While in high school, I enrolled in a film theory and criticism course at the local community college and my professor inspired me to look more into how the movies I love are made. The following semester I started a film production class, learned about every position on the set and found myself gravitating toward cinematography. After completing a few student projects, my professors told me I had a good eye for composition. I loved that I was able to merge my interest and strengths from still photography into motion picture photography. I continued with my studies, earning my undergrad degree in cinematography. I spent those years learning more about lighting, the discipline of shooting on 16mm and 35mm film and some of the technical aspects of the job.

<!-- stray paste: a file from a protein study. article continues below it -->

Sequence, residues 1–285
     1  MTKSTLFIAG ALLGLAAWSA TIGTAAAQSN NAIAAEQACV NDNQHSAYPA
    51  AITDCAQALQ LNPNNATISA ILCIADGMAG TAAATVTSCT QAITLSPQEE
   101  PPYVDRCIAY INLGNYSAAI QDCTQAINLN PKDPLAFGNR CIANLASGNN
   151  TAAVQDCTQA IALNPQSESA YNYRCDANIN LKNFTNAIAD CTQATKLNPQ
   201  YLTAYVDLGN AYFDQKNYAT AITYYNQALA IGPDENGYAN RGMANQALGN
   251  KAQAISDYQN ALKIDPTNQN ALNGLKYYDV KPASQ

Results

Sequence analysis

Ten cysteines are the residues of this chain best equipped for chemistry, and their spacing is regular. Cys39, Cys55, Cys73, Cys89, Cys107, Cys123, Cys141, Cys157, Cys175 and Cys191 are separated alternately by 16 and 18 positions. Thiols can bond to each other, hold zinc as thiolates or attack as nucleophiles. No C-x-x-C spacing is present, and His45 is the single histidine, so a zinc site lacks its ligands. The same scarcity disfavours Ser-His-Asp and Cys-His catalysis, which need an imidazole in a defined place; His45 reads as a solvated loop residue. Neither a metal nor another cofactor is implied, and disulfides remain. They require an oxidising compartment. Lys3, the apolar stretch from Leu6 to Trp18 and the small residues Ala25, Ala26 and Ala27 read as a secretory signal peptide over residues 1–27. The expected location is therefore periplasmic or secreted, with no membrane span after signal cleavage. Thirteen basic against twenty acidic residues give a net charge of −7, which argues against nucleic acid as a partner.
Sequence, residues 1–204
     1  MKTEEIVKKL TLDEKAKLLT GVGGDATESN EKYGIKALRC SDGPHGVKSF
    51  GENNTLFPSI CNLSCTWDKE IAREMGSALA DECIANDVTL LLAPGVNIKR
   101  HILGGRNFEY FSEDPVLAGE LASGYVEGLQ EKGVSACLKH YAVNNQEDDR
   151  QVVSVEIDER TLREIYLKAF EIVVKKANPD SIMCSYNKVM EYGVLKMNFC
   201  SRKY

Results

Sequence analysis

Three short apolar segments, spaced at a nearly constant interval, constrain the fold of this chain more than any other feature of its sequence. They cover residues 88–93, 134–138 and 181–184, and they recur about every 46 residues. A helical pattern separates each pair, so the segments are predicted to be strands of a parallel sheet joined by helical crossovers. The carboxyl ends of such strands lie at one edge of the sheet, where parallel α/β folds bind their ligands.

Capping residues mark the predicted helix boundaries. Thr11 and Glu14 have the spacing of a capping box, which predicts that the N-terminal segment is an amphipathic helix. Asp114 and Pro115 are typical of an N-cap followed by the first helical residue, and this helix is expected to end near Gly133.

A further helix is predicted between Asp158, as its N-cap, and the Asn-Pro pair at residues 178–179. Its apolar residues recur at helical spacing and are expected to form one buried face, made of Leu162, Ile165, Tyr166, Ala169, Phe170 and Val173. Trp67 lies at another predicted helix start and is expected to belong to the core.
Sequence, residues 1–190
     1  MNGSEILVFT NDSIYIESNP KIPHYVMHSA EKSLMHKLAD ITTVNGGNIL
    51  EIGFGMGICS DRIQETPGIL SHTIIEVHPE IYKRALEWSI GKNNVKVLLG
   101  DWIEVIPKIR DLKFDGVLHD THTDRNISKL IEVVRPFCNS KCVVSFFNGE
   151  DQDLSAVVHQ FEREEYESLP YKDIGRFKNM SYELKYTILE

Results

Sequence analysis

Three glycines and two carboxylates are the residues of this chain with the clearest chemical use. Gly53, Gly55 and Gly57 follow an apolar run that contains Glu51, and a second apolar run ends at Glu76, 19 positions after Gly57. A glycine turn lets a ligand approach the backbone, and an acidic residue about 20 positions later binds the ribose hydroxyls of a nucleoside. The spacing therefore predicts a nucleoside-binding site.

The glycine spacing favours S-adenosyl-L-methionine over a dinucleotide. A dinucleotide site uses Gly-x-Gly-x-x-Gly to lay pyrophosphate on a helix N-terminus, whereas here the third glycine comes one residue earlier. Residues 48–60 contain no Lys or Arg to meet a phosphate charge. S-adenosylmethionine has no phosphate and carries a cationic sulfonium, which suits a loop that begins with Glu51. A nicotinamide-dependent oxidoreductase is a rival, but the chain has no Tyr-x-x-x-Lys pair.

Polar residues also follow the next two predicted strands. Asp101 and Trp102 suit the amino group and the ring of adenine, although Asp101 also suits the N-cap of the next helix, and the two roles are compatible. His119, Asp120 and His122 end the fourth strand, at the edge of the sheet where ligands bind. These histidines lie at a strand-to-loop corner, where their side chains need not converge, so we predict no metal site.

SKSM: How do you communicate with a director to design a visual strategy for a film?

Grant MacAllister: When deciding on the visual approach for a film I will do several reads of the script. The first read is just to get the overall idea of the story, the characters, the world they’re in. I try not to think of any lighting or shots in this read. After that I’ll read the script with shots, camera moves, and lighting in mind, and think of several options to present to the director. I’ll meet with the director and go over my thoughts for how I think we should approach the film visually and see what ideas they have in mind for how they’d like to approach each scene.